• For the appellant - Ranbir Singh Sangha; M/s Ranbir S Sangha & Co Advocs
  • For the respondent - Ahmad Sazilee Abdul Khairi; DPP

The decision by the State Legislative Assembly to review the compensation awarded, in a wayleave procedure under s. 11(1) of the Electricity Supply Act 1990, by the Land Administrator, who is part of the government agencies led by the Chief Minister, who in turn, heads the State Legislative Assembly, was legal and proper and was binding on the parties.
Dusunku Sdn Bhd v. Tenaga Nasional Bhd [2021] 8 CLJ 462 [HC]

LAND LAW: Wayleave - Compensation - Variation of amount of compensation upon appeal to Majlis Mesyuarat Kerajaan Negeri ('MMK') - Whether decision of MMK allowing appeal ultra vires - Whether decision binding on parties - Whether TNB breached statutory duty in failing to settle payment - Whether challenge against MMK's decision involved public law elements - Whether to challenge by way of judicial review and not collateral attack - Electricity Supply Act 1990, ss. 11(1), (6), (7) & 16(2)

 

 

GHAZALI CHA J

  • For the plaintiff - CC Chang; M/s Syarikat Ng & Anuar
  • For the defendant - Alvin John, Wong Chin Eng & Nadia Falisha Azlan Shah Aziz; M/s Alvin John & Partners

The requirements of O. 41 r. 3 of the Rules of Court 2012 for the admissibility of an affidavit in support of an application, deposed by a person considered illiterate because he did not fully understand the English language, are mandatory in nature and not mere technicalities. The person administering the oath must ensure that the deponent understands the contents of the affidavit; failing which, the affidavit would be rendered invalid and shall not be admissible in evidence.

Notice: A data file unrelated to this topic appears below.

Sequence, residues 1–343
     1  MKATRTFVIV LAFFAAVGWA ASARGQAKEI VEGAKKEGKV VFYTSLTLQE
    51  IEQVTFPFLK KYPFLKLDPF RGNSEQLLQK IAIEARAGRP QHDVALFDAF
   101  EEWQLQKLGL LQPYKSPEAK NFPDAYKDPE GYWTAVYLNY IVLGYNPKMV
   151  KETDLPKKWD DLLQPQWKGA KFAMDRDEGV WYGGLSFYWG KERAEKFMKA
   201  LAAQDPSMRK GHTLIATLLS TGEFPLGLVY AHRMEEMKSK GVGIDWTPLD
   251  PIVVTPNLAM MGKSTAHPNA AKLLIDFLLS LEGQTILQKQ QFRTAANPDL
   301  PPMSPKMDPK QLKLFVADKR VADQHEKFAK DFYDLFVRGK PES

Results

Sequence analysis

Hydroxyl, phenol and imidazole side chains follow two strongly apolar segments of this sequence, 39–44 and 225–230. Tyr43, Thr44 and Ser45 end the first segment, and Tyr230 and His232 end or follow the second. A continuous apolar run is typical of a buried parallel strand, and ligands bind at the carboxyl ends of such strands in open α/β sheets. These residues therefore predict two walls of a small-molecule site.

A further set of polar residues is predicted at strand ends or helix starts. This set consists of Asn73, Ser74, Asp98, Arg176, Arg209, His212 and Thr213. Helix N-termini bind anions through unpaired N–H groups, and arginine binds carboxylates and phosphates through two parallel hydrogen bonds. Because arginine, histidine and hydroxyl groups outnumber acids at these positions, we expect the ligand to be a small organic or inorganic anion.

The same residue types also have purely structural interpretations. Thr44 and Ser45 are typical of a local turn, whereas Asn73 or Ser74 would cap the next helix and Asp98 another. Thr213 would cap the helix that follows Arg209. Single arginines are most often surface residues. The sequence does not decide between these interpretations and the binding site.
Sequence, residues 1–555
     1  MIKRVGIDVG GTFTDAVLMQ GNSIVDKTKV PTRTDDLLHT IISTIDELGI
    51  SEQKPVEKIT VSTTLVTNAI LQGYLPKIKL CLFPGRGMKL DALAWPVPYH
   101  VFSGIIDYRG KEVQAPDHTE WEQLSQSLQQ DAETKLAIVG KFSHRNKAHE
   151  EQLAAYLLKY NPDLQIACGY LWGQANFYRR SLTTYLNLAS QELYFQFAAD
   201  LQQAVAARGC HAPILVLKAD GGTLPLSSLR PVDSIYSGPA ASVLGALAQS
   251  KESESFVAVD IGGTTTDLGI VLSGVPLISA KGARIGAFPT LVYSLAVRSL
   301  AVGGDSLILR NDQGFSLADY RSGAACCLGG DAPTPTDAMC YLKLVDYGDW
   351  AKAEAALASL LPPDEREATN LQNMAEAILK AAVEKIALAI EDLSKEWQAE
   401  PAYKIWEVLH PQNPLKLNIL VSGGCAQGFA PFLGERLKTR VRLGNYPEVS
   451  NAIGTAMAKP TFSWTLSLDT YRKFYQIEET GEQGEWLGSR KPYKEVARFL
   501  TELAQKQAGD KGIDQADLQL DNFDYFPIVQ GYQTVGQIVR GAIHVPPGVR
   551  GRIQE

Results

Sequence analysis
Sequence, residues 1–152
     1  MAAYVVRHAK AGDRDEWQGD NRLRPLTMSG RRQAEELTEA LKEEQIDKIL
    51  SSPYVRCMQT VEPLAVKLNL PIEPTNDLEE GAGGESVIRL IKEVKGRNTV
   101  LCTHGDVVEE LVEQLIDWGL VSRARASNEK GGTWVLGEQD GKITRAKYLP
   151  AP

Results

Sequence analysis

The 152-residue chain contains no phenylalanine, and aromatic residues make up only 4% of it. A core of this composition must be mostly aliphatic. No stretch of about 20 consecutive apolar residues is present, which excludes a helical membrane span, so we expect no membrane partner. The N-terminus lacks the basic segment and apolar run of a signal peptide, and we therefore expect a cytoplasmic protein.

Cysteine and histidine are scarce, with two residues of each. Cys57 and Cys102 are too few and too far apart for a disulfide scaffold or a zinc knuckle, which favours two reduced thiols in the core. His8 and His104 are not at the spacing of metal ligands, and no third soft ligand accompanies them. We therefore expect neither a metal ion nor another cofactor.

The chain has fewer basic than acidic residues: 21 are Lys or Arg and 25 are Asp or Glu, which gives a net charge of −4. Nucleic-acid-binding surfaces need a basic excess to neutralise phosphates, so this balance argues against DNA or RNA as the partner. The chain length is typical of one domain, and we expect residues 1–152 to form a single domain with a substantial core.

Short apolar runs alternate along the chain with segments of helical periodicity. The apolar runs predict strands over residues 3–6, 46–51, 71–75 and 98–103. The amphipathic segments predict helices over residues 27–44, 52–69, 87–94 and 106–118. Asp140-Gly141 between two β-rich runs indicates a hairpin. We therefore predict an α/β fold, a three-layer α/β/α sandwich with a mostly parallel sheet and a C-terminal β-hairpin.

Kunshan Yuanjianghong Textile Co Ltd v. Cheow Chee Yong & Anor [2021] 8 CLJ 476 [HC]

CIVIL PROCEDURE: Affidavits - Affidavit in support of application - Admissibility - Deponent did not fully understand English - Whether considered 'illiterate' within meaning of O. 41 r. 3 of Rules of Court 2012 - Whether compliance with O. 41 r. 3 mandatory or mere technicalities - Whether affidavit translated by court interpreter - Whether usage of Form 74(d) jurat correct - Whether deponent understood affidavit before signing - Whether signing on English version sufficient - Whether requirements of O. 41 r. 3 complied with - Whether certification in jurat fulfilled requirements

 

 

WAN MUHAMMAD AMIN WAN YAHYA JC

  • For the plaintiff - Yeoh Tung Seng & Lee Su Ting; M/s Yeoh & Joanne